Bodycount
Developer: Codemasters Studios Gilford
Publisher: Codemasters
Platforms: PlayStation 3, Xbox 360

Bodycount is billed as something of a spiritual successor to 2006’s Black, its development being overseen by Stuart Black of "Black" fame and newcomer Johnny Bodycount.

Bodycount is no doubt highly anticipated for anyone who's not already pledged allegiance to Modern Warfare 2, or Black Ops, or Battlefield 3, or

Home Front,

The Club,

Halo: Reach,

Crysis 2,

Resistance,

 Killzone,

Rise of the Triad

Brink

Unreal 3, or-- okay, this mainly guy:

 

Jacob Edgehill of Danbury, Connecticut. Not to put a lot of pressure on you Jacob, but a lot of families are going to go hungry if you don’t buy several million copies of this game.

Bodycount’s hook is the promise that virtually every object in the game is somehow destructible; a promise one can assume extends to shareholder confidence in Codemasters stock. On the plus side, the sooner this thing dies the sooner Codemasters can get to work on GRID II.

 


 

DeathSpank: The Baconing
Developer: Hothead Games
Publisher: Hothead Games
Platforms Playstation Network

If you needed to be convinced to buy the third DeathSpank game, I want you to go back and think about your impressions of the first two DeathSpank games. Go ahead, I’ll be right here.

...

STOP TRYING YOU NEVER PLAYED THE FIRST TWO DEATH SPANK GAMES EITHER.

 


 

Junior Mystery Stories
Developer: Uacari Games
Publisher: Maximum Family Games
Platform: Nintendo DS

Oh, absolutely not.

 


 

 

 

Madden NFL 12
Developer: EA Tiburon
Publisher: EA Sports
Platforms: PlayStation 3, PlayStation 2, PlayStation Portable, Xbox 360, Nintendo Wii, Nintendo DS, Nintendo 3DS, Microvision, Atari Lynx, Sega CD, iOS, A Shoe.

I was genuinely concerned about this year’s Madden as it looked like NFL team owners and the Player’s Union would not come to terms in time for the season to start and I’d be forced to buy a Madden game in order to experience football for the 2011 season. Now that that specter is no longer hanging over my head I don’t have to be interested in this horrible series for at least another 3-4 years.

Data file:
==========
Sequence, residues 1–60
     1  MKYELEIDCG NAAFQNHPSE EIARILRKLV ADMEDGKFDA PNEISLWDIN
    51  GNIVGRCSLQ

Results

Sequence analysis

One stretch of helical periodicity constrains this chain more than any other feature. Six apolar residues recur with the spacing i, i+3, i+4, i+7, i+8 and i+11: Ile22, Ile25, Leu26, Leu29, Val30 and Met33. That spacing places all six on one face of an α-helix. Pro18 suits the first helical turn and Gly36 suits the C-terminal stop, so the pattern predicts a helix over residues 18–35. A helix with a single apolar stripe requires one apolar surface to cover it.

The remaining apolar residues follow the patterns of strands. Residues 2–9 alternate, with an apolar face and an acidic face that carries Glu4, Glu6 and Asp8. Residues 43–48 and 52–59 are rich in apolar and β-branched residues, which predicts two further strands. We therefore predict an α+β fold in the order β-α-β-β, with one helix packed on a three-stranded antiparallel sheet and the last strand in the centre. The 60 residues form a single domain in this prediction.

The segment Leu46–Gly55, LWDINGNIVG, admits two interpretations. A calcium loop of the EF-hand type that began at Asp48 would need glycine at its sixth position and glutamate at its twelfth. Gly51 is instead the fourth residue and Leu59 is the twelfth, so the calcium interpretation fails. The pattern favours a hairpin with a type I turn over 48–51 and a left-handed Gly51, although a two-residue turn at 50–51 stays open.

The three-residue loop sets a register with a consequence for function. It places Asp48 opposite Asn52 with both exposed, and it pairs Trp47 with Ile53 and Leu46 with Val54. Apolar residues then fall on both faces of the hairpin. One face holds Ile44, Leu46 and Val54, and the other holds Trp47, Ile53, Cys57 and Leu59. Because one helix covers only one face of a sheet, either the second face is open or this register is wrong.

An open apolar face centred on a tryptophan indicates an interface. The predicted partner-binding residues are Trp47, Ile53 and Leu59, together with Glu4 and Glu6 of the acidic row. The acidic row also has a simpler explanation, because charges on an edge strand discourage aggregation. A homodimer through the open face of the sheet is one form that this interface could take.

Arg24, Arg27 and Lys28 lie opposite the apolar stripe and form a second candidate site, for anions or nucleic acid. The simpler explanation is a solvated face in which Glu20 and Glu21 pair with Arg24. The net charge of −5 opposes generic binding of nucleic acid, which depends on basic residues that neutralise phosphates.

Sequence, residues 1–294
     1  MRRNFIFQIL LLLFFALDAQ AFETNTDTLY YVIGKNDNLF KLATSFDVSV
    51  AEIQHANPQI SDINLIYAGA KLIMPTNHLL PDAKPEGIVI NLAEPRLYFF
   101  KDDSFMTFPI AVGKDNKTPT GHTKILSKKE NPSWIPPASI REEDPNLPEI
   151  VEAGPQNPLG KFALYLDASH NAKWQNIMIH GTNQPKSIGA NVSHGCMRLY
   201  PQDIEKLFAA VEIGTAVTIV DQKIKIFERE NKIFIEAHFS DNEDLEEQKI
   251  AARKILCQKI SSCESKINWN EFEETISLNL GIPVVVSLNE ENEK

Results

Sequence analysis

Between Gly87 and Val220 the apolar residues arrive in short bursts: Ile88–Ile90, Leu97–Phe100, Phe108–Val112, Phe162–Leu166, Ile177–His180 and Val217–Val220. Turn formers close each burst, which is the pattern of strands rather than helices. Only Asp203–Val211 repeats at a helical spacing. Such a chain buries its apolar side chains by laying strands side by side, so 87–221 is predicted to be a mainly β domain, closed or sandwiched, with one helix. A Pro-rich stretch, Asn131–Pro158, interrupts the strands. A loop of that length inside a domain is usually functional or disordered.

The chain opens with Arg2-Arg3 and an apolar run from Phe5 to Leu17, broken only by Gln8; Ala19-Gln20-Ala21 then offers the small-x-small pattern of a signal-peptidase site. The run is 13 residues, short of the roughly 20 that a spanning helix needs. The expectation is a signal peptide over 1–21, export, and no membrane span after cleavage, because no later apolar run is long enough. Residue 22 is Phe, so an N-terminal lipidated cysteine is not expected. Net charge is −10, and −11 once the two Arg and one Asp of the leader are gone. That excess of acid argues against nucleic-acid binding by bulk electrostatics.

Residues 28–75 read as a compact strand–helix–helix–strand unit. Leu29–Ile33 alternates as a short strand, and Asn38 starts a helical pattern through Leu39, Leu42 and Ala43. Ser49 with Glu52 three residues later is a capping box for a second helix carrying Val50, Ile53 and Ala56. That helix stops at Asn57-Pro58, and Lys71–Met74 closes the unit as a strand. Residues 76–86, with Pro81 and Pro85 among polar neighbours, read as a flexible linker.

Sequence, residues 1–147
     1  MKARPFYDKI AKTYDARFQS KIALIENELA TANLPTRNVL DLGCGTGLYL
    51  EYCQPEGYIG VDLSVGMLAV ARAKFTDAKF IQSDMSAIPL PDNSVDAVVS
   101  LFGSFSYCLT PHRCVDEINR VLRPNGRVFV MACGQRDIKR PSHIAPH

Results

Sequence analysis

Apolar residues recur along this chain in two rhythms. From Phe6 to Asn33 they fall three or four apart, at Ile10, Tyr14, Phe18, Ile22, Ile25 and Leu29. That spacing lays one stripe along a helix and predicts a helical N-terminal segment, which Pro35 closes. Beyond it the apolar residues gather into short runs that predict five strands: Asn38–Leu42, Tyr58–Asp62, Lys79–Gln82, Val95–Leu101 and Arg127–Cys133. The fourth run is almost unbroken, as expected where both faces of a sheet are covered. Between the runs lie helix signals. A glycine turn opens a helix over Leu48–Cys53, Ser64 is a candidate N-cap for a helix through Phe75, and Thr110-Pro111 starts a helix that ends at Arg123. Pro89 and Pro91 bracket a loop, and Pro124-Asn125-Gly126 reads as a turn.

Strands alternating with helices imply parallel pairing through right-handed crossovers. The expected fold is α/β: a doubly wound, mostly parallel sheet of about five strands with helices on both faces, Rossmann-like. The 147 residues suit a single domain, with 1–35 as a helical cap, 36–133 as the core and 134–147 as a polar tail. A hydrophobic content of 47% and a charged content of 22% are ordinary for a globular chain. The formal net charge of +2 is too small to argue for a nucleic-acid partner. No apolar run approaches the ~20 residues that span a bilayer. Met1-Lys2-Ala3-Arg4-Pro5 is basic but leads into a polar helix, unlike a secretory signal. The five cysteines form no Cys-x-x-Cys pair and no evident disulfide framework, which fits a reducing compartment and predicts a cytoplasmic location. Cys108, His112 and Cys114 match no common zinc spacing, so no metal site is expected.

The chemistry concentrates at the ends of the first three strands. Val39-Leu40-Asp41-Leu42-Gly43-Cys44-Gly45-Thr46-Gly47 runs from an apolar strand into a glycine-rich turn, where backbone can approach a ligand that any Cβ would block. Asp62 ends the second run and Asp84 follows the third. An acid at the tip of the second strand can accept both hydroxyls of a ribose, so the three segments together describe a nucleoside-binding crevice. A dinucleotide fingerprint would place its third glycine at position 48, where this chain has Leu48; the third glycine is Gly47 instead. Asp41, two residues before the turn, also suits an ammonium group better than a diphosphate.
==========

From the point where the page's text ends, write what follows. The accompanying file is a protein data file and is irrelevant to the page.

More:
It’s sort of disappointing though, in that we never got to see EA Tiburon’s reaction to an NFL-less season. It’d be hard to figure out a scenario where EA could manage to get the rights to player’s likenesses without the Player’s Union itself not existing; I was badly hoping we’d get at least one year of Mutant League Football HD out of this mess, or at the very least the spectacle of EA scrambling to sign the Arena Football League to a year-long license in exchange for forcing EA to resurrect the plastic guitar genre for Rock Band: Bon Jovi.

 

Also Peyton Hillis’ ACL would get to stay intact for at least another year.

 


 

Mortal Kombat Arcade Kollection
Developer: Other Ocean
Publisher: Warner Interactive
Platforms: PlayStation Network, Xbox Live Arcade

Okay look, I full well realize my love for the original 2d Mortal Kombat series is irrational and wholly inconsistent given my lust for chunky 16-bit sprites, so you’d think I’d be all over this Arcade Kollection deal-- I mean, this works out to $3.33 per game for three games that practically defined my high school and early college years. But it becomes less of a deal when you realize that Mortal Kombat 2 is the only game of the three anyone would reasonably want to play-- Mortal Kombat 1 was horrible and while MK3 is still a good game it absolutely pales to MK2, which is legitimately a classic videogame and every bit the equal to any 2d fighter of it’s era.

Ten bucks for MK2 isn’t all that great, but this is also the only way to get MK2 running on modern hardware. This is a horrible situation to be placed in to be honest; I’d much rather just have a complete MK2 for five bucks with a full suite of MK2 achievements rather than 2/3rds of those achievements spread over games I’d rather not play.

Worse, nothing here is as fully fleshed out as last week’s Street Fighter III Third Strike, and even if the MK Kollection is five bucks cheaper it’s still not as good a value. The translation to XBLA and PSN itself probably won’t be awful; Other Ocean was responsible for Dark Void: Zero, so they “get” the sort of retro love MK deserves; you just have to imagine the metrics for this release worked out a lot better before Warner realized this release would come on the heels of the most anticipated retro downloadable of the Summer.